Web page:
Event lets El Paso enjoy the outdoors — Streets close for biking, hiking

Cyclists, Rollerbladers and pedestrians will have free rein on some Central El Paso streets Sunday when the areas are closed to vehicles and El Pasoans are encouraged to get out and enjoy the sunshine.

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Published May 5, 2007 by The El Paso Times
By Tammy Fonce-Olivas

Cyclists, Rollerbladers and pedestrians will have free rein on some Central El Paso streets Sunday when the areas are closed to vehicles and El Pasoans are encouraged to get out and enjoy the sunshine.

Ciclovia — a program that will temporarily close more than seven miles of some of El Paso's most scenic roads to promote recreation and community — starts this weekend and will continue every Sunday in May.

From 7 to 11 a.m., Rim Road, Scenic Drive, McKelligon Canyon Road and sections of Alabama Street will be closed to motor vehicles to allow for public recreation, including bike riding, skating and hiking.

Central El Paso resident Enzo Baez said he and his friends on Sunday plan to cycle their way through the entire Cicolvia route.

"A lot of people my age complain about there not being anything to do here, so when things like this pop up, we need to support them," said Baez, 32.

Baez said he learned about the event through a flier distributed at Franklin Mountain Cyclery in Northeast El Paso, where he works.

According to city officials, the event is meant to be more than a temporary space to exercise. It is also expected to give El Pasoans a new opportunity to get to know each other.

Mayor John Cook, city representatives, members of the Texas Education Agency and the Texas Round-Up Health and Fitness Initiative will have a ceremony at 10:30 a.m. Sunday at Tom Lea Park at 1203 Schuster to recognize El Paso's first Ciclovia.

The state officials are expected to present the mayor and the City Council with the Governor's Cup Award for this innovative event. Gov. Rick Perry has recognized El Paso's Ciclovia as an official Texas Roundup Fitness Initiative.

"El Paso is one of the pioneers in bringing this exciting event to the United States," said Julie Baldwin, a spokeswoman for the city.

Baldwin said the concept of Ciclovia began in Bogotá, Colombia, more than 20 years ago, when the city reserved selected streets for pedestrian use only. Today, she said, nearly a million people fill the roads Sunday mornings.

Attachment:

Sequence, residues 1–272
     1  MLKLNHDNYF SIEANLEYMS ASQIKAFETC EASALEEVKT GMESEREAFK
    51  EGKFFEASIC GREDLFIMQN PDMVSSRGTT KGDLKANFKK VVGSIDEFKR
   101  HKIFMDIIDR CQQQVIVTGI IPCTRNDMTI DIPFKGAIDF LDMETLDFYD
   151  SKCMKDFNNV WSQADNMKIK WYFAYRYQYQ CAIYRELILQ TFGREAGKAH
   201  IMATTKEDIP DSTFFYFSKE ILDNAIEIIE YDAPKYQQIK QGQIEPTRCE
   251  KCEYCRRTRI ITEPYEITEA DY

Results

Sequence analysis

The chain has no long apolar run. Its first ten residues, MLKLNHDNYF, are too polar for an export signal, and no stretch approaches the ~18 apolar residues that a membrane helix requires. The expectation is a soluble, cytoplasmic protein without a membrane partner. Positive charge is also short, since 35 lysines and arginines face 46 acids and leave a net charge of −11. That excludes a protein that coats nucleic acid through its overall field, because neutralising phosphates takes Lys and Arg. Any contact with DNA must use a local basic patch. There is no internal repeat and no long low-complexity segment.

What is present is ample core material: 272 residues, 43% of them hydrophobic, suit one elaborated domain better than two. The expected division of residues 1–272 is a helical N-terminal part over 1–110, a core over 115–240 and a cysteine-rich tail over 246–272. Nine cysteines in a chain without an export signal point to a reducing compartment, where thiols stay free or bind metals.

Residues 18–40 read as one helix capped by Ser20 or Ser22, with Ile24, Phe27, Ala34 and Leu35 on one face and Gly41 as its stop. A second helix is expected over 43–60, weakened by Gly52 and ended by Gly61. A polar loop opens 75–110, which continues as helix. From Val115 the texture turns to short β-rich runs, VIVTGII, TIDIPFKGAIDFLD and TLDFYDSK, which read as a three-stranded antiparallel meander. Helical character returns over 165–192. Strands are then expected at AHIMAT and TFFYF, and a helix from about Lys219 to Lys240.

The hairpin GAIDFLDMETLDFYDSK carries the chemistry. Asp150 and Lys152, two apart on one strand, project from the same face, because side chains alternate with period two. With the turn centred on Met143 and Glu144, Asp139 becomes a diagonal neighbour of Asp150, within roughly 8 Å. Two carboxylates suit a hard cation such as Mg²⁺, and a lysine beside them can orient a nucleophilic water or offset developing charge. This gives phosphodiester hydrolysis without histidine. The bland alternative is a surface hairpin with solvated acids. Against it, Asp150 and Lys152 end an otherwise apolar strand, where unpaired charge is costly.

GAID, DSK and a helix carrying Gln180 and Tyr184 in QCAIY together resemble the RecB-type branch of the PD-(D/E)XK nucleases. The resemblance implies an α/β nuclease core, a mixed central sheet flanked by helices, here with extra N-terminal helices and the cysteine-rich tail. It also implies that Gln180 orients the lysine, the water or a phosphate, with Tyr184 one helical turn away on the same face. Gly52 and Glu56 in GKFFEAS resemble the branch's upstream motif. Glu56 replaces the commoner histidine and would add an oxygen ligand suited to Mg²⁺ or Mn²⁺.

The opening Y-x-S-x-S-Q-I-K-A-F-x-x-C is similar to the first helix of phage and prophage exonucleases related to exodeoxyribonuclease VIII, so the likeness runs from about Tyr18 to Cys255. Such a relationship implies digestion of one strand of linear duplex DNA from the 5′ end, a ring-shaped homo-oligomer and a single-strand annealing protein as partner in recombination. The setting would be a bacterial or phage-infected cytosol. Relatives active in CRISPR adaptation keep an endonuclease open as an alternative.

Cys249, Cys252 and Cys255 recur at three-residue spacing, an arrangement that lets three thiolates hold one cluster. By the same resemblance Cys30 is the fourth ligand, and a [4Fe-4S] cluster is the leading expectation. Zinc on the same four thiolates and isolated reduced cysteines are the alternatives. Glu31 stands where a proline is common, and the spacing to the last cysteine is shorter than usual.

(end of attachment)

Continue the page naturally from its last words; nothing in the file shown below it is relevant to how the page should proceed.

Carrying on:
The idea has been copied by other cities worldwide. In 2003, Juárez introduced its own Ciclovia. More than 60,000 people participated each Sunday, but the program was eventually discontinued, Baldwin said.

Two years ago, the City Council decided to bring Ciclovia to El Paso. The first event was set to take place in September, but was postponed until spring.

South-West city Rep. Beto O'Rourke said in August, when the City Council decided to postpone the event, that the delay was necessary because of flooding damage to Rim Road and McKelligon Canyon Drive, two of the main streets that were to be part of the Ciclovia route.

Joe Perez, owner of the El Paso Bike Center in Central El Paso, said he's excited about the event.

"It's a good idea. It's very good idea," Perez said. "There are a lot of people who are afraid to ride (bicycles) because they are afraid of the cars."

Perez said what he likes best about the Ciclovia concept is that it promotes a "sense of community."

Central resident Zenaida Servin said she was not opposed to the city trying new ways to entice people to get outdoors. But she doesn't like the fact that the Ciclovia route will pass the front of her neighborhood church, Our Lady of Guadalupe, at 2709 Alabama.

The church has several Sunday services, including four that may be affected by the city's outdoor program, she said.

Servin said the temporary street closings would probably force parishioners to find alternative routes to church. "That or they are going to have to give us time to cross" Alabama, she said.

Servin is particularly concerned about elderly parishioners, who because of their age may view walking across Alabama as a hardship.

"Some people can't walk that far," she said.

Baldwin said city officials have notified businesses and homeowners along the Ciclovia route about the event and have tried to work with the residents to win their support and to respond to any concerns.

Tammy Fonce-Olivas may be reached at tfonce@elpasotimes.com; 546-6362.